Summer Dress at Work: What’s Appropriate and What’s Not
By Elaina Loveland
May 16, 2018
Many companies have adopted a more-casual approach to dress codes in recent years. But summertime can raise questions about just how casually employees should be allowed to dress. Sandals? Yoga pants? Leggings? Short skirts? Spaghetti-strap tops? What’s appropriate and what’s not?

Preventing Dress-Code Violations
Because summer clothing can be more casual and revealing than attire worn at other times of the year, there may be an uptick in dress code violations.
“To prevent violations, every employer needs to have a policy on work-appropriate apparel, even if it’s quite simple,” said Laura Handrick, HR analyst for, a New York-based small-business publishing startup with 50 employees.

Some employers take the extra step of listing prohibited clothing such as flip-flops, short shorts, spaghetti-strap tops, yoga pants or beachwear, but Handrick said that a better way of deciding what’s acceptable is to let employees come up with their own examples of what is not appropriate.

“Ask [workers] what kind of clothing would they not want to see their peers wear to work,” Handrick recommended. “They may state things like open-toed shoes on men or low-cut blouses on women or clothes that are too tight and revealing, like leggings. Those examples can be put into an employee communication or e-mail as examples of clothing that wouldn’t make the cut for summertime.”

Confronting an employee who has violated the dress code can be uncomfortable. Handrick recommends that if an attire policy has been stated in advance and is clear about what type of clothing is inappropriate, then HR may consider a verbal warning followed by a written warning given to an employee who violates the policy.

“However, it’s best not to humiliate the employee in any way but rather point to the policy itself, and ask the employee to consider how their work apparel may be distracting or offensive to others at work,” Handrick said.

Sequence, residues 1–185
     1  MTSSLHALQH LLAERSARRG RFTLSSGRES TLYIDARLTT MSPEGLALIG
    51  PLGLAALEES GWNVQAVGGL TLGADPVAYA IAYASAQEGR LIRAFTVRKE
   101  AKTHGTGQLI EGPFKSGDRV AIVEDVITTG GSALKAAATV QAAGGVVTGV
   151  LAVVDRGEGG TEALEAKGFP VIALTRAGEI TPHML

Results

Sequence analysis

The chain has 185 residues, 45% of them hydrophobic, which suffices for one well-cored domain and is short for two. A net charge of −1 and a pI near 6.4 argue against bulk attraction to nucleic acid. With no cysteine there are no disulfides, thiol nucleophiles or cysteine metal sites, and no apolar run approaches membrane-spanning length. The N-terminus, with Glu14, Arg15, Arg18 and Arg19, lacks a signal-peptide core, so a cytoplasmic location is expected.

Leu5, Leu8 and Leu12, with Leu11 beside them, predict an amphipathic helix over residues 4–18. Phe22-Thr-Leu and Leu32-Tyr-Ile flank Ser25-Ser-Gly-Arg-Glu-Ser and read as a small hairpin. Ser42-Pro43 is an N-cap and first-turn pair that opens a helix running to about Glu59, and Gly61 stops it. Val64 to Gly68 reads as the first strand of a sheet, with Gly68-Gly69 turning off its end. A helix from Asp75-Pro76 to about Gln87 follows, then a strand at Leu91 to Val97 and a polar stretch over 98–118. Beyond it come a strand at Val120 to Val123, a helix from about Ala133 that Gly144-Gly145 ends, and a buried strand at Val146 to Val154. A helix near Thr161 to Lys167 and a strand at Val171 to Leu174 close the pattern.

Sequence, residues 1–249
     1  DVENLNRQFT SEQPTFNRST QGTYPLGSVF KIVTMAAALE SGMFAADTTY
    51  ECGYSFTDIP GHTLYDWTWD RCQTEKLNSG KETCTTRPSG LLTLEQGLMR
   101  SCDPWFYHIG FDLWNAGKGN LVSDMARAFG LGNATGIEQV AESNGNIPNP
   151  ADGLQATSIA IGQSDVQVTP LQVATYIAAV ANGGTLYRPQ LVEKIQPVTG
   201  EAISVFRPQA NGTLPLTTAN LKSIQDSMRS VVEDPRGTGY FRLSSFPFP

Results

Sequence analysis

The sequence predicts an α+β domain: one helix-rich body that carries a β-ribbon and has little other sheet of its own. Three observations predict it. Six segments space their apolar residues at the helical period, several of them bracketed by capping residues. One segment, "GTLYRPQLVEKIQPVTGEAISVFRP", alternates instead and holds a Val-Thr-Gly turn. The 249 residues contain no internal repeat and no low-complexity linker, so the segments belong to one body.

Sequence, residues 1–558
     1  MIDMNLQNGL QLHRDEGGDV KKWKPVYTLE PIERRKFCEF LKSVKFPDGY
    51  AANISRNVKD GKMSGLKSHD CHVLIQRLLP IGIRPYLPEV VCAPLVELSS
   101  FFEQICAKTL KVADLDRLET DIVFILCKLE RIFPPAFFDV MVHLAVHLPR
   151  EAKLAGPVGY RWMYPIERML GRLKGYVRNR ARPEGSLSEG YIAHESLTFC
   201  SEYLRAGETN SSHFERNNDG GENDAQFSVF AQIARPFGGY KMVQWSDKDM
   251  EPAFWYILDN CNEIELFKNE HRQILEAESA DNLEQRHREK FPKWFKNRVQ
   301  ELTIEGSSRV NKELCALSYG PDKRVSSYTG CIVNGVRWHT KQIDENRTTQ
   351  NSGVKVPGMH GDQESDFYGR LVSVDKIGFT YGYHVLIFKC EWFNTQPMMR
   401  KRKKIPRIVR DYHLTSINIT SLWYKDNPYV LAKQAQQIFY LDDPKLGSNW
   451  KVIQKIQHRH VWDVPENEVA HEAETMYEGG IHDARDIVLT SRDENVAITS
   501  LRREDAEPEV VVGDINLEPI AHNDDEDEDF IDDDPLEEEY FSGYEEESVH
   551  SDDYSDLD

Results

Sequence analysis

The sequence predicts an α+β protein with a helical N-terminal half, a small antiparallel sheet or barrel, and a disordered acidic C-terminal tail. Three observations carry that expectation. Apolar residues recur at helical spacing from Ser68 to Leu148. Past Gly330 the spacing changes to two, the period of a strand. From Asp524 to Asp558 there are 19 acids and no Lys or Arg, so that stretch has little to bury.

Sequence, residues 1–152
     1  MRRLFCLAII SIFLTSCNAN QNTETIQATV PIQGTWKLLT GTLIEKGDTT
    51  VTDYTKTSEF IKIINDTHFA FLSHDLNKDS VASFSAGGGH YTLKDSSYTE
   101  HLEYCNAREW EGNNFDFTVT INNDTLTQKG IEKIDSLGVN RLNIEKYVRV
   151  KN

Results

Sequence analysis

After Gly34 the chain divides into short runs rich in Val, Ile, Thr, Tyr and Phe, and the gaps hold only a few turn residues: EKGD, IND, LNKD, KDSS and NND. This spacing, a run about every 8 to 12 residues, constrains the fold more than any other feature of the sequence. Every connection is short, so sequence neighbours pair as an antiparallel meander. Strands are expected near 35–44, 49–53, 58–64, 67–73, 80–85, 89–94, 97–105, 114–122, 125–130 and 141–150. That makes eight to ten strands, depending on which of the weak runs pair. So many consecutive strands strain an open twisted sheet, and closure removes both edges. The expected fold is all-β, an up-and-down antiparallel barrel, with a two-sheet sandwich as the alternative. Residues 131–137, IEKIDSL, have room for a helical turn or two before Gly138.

In cases when the dress-code violation has to do with modesty, how a manager handles it depends on the situation.

“If the dress-code violation is truly trivial and doesn’t have an impact on safety, such as a skirt that is two inches above the knee when the employer’s dress code has a maximum of one inch, then the employer will have to make a decision about whether this is even a battle worth engaging in,” Shea said.

If a woman is wearing clothing that is too revealing, Shea said that she thinks it is better for the issue to be handled by a manager who’s also a woman.

“If the employee is dressing immodestly, employers will have to be careful that their discussion doesn’t open them up to accusations of sexual harassment,” Shea explained.

The discussion should be private and should focus on the specific violation of the dress code.  “Managers should refrain from making comments about the employee’s body, such as, ‘Somebody as bosomy as you has no business wearing low-cut blouses.’ ” Shea said. “It might be helpful to explain the employer’s business justification for the dress code.”